Sales of existing homes fell 1.5 percent in September from the month before, according to the National Association of Realtors (NAR), marking eight straight months of declines and a 23.8 percent plunge from 2021. 
The release of the NAR report Thursday coincides with another uptick in the 30-year fixed-rate mortgage, which is now just under 7 percent. 
Reports of softening in the housing market are widespread, with some in the industry saying they are already in a recession. But the $43.4 trillion question — which is the value of the U.S. housing market, according to real estate platform Zillow — is when these headwinds will begin to significantly bring down prices, and the NAR report showed some progress. 
While the median price of an existing home ($384,800) is still up 8.4 percent from a year ago, it's fallen for three consecutive months. 
In addition, three out of four major U.S. regions reported a drop of least 1.6 percent in sales, with the notable exception of the West, which remained unchanged. 
However, lower prices don't expand the number of houses on the market, and limited supply is still a big reason prices are higher in the first place. 
NAR reported that the inventory of unsold existing homes fell for the second consecutive month to 1.25 million, which it said is enough to keep up with demand for 3.2 months if the current rate of sales continues. This is up from 2.4 months worth of supply in September 2021, but homebuyers are still facing a tight market. 
"Despite weaker sales, multiple offers are still occurring with more than a quarter of homes selling above list price due to limited inventory," said NAR Chief Economist Lawrence Yun in a press release. "The current lack of supply underscores the vast contrast with the previous major market downturn from 2008 to 2010, when inventory levels were four times higher than they are today."
At the macro-level, Federal Reserve interest rate hikes are pushing up mortgage rates, which in theory should continue to curb demand and thus further bring down prices.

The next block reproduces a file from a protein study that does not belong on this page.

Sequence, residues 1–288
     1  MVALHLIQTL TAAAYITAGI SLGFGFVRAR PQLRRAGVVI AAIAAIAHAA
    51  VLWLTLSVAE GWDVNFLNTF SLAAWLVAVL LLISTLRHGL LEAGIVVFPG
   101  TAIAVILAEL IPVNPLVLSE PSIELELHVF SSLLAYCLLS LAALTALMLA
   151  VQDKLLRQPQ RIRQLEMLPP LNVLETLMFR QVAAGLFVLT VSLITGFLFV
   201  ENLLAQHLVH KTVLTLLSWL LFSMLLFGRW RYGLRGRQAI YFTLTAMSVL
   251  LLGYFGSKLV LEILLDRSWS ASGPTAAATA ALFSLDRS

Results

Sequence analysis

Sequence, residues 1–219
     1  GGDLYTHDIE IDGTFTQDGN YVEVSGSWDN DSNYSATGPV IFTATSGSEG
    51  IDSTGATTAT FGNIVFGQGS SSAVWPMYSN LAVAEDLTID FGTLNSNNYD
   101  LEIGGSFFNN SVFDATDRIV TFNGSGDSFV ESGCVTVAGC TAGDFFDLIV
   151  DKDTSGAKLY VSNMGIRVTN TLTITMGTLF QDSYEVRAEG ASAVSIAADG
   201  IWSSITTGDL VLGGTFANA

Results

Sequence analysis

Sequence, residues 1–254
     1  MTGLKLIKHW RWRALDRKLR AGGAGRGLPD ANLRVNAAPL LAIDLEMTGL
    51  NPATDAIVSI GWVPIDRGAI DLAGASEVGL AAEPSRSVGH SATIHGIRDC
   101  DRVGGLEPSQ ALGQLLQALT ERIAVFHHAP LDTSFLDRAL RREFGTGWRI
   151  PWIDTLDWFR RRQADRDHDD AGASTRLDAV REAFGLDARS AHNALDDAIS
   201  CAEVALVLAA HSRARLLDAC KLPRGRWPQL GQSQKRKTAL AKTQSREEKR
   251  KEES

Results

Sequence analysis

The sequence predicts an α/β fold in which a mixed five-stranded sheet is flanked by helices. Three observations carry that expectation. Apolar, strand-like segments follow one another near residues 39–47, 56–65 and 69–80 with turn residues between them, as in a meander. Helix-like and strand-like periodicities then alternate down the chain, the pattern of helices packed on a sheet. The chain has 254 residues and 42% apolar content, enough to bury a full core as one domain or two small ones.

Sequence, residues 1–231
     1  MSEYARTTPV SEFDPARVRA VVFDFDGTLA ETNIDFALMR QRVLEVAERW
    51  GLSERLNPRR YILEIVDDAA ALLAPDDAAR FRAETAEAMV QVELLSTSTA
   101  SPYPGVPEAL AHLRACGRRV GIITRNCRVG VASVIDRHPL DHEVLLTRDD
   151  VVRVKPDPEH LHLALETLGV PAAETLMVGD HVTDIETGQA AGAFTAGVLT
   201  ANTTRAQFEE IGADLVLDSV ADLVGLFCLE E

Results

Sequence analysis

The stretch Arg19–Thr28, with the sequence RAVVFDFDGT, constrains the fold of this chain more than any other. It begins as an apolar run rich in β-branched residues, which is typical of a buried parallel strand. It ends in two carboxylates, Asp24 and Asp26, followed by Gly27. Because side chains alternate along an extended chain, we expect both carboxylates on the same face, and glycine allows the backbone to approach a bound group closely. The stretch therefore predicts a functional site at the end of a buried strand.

The average 30-year fixed-rate mortgage ticked up to 6.94 percent from 6.92 percent last week, according to Freddie Mac. The mortgage buyer noted that this is more than double the average rate a year ago, which stood at around 3 percent — though the rate of increases is beginning to slow.  
"Mortgage rates slowed their upward trajectory this week," said Sam Khater, chief economist for Freddie Mac in a news release. "The 30-year fixed-rate mortgage continues to remain just shy of seven percent and is adversely impacting the housing market in the form of declining demand. Additionally, homebuilder confidence has dropped to half what it was just six months ago and construction, particularly single-family residential construction, continues to slow down."
Nadia Evangelou, senior economist for NAR, explained that 7 percent mortgage rates were normal in the mid-to-late 1990s and early 2000s. The difference is that the home ownership rate was higher then — 67 percent compared to the current rate of 65.8 percent — and inflation was much lower. 
"While inflation outpaces wage growth, the typical family needs to stretch out its budget and spend more than 25% of its income on its mortgage payment," she wrote. "Nevertheless, between 1995 and 2002, mortgage payments accounted for 20% of income."